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Title: Experimental studies on mechanical properties and ductile-to-brittle transition of ice-silica mixtures: Young's modulus, compressive strength, and fracture toughness: D/B Transition of Ice-Silica Mixtures
Author(s) / Creator(s):
 ;  ;  
Publisher / Repository:
DOI PREFIX: 10.1029
Date Published:
Journal Name:
Journal of Geophysical Research: Solid Earth
Page Range / eLocation ID:
6014 to 6030
Medium: X
Sponsoring Org:
National Science Foundation
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  1. Abstract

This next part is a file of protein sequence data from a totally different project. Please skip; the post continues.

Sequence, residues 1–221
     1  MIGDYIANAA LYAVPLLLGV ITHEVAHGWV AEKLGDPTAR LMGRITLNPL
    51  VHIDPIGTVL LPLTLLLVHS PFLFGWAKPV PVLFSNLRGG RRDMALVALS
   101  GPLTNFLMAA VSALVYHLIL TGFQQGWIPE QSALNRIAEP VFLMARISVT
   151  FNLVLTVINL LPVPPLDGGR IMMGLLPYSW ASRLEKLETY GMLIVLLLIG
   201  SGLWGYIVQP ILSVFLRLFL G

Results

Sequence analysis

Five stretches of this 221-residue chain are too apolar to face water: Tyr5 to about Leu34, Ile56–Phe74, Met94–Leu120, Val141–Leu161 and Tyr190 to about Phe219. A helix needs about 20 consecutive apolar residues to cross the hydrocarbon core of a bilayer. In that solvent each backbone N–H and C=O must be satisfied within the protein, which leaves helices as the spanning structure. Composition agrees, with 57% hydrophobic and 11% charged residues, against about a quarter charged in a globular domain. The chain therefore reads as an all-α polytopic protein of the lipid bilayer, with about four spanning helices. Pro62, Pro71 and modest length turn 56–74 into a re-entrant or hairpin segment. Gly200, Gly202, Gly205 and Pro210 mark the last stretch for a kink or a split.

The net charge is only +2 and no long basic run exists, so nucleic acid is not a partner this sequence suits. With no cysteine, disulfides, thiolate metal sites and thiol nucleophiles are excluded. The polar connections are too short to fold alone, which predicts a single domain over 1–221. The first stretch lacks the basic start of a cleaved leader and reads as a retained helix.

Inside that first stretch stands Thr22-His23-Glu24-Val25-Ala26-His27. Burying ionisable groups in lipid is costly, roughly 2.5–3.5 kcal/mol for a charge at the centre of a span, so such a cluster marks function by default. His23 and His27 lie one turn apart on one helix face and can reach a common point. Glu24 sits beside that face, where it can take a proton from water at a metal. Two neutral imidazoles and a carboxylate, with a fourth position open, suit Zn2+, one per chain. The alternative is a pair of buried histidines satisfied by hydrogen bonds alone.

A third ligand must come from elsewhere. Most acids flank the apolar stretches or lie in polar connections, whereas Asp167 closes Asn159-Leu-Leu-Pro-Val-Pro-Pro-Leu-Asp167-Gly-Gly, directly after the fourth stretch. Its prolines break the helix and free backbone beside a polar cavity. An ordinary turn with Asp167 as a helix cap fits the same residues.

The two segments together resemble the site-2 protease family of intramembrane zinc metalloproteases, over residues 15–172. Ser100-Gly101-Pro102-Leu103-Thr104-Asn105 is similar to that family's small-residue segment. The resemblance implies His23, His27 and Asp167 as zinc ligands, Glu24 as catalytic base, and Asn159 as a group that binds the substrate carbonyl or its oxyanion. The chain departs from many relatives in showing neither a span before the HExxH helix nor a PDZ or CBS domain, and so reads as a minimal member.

We present the results of a series of laboratory low-speed impacts (< 4 m s−1) of centimeter-sized spherical projectiles into simulated dry and icy regolith samples. The target material was comprised of JSC-1 (Johnson Space Center) lunar simulant grains in the size range 100–250μm, mixed with similar-sized water ice grains. Impacts were performed under vacuum, either at room temperature for JSC-1 samples or at cryogenic temperatures (<150 K) for icy mixtures. We measured the ejecta masses from a collection plate and impact crater dimensions from post-impact crater photographs. We find that both the ejecta masses and crater diameters followed trends predicted by established scaling laws, albeit with different fitting parameters, and we were able to fit a strength regimeπscaling to our measured crater diameters. The water ice in our target material took two forms: grains mixed with the regolith grains and frost from air condensation coating regolith grains. In both cases, the presence of water ice in the sample led to lower ejected masses and smaller crater sizes. In addition, our measured crater sizes were several orders of magnitude larger than expected for impacts into solid rock or water ice. Using our measured scaling parameters, we applied our findings to a planetary context for the study of secondary craters on icy moons, as well as eroding collisions occurring in Saturn’s rings. We found that the deviation of our measurements from solid targets and from commonly used scaling parameters allowed us to reconcile our measurements with the models in both cases.

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